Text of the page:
Rewritten No Child Left Behind law will lessen emphasis on testing

Dec 10, 2015 by

Pennsylvania schools are still developing an understanding of what will — and won’t — change with the approval of legislation rewriting the federal No Child Left Behind Act.

Local education officials and stakeholders agree: More localized control of standards and enforcement could pave the way for a more comprehensive, holistic look at student achievement with a minimized emphasis on testing.

President Barack Obama is expected to sign the legislation after it was approved Wednesday in the Senate in an 85-12 vote.

The bill would limit the role of the federal government in determining measures of student achievement. Instead, states and school districts can develop their own assessments for school and teacher performance, as well as intervention processes for struggling schools.

John Callahan, assistant executive director of the Pennsylvania School Boards Association, said the Pennsylvania Department of Education has already begun to implement some of the provisions seen in this “next generation of the bill.”

“This is a huge bill,” he said Wednesday. “There’s a lot already that we do. But the bill acknowledges that there are other ways to measure school district and student success in the classroom than by testing.”

The legislation comes as the state looks to revamp its primary measurement of school evaluation — School Performance Profile scores. The SPP scores, which grade individual schools on a scale of 107, are largely based on student performance on standardized tests. State education officials want to add increased consideration of factors other than test scores, including graduation rates, school safety, participation in Advanced Placement courses and attendance.

Under the Every Student Succeeds Act, as the rewritten federal law has been dubbed, states are still required to intervene in the lowest-performing 5 percent of schools, high schools with high dropout rates and schools with persistent achievement gaps.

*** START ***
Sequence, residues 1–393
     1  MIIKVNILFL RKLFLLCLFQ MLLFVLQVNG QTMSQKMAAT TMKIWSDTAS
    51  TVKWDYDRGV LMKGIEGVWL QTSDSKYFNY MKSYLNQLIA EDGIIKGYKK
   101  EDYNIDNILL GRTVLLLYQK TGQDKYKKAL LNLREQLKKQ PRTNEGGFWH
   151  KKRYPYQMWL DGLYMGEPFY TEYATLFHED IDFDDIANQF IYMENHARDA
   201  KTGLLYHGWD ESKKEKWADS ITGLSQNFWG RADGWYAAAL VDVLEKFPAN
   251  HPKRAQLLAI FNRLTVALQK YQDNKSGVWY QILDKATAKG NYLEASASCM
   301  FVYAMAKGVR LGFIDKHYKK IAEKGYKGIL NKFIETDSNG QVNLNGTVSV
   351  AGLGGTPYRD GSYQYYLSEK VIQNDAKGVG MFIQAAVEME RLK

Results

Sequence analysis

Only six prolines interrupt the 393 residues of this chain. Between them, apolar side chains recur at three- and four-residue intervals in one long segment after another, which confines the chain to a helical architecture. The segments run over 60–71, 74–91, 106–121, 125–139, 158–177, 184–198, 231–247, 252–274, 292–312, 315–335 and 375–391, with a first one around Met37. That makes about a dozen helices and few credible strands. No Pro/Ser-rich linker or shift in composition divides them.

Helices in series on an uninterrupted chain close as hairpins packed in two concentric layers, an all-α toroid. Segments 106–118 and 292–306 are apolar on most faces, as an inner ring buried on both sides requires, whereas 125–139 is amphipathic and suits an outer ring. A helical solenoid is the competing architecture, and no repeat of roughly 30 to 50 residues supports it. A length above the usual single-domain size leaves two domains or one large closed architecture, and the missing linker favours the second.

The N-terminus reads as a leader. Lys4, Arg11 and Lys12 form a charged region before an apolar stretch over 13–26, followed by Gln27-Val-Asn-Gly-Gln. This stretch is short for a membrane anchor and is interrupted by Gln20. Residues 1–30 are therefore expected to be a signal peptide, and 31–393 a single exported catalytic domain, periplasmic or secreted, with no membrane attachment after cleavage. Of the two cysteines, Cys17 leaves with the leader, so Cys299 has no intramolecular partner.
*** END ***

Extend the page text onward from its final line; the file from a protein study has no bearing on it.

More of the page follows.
Rosanne Javorsky, assistant executive director for teaching and learning at the Allegheny Intermediate Unit, said school districts have had to take a “cookie-cutter approach” to interventions in low-performing schools under No Child Left Behind.

“It is some of the same schools who are identified as low-achievement and intervention schools every year,” she said.

“Yet the communities are very different, resources are very different, but we keep saying that you have to do the same thing for each. What I’m hoping is that this will allow those community assets and resources to really direct what does student improvement look like in this particular school.”

Carey Harris, executive director of A+ Schools, an education advocacy group, said the law would also increase the necessity for continuous community monitoring of “opportunity and achievement gaps” in schools.

“There’s an opportunity here, and there’s a risk as well, for the power that states have and the freedom to create interventions to be tailored toward a local community,” A+ Schools spokesman James Fogarty said. “There’s also the risk that those plans won’t actually move the dial for children if not properly implemented.”

Source: Rewritten No Child Left Behind law will lessen emphasis on testing | Pittsburgh Post-Gazette

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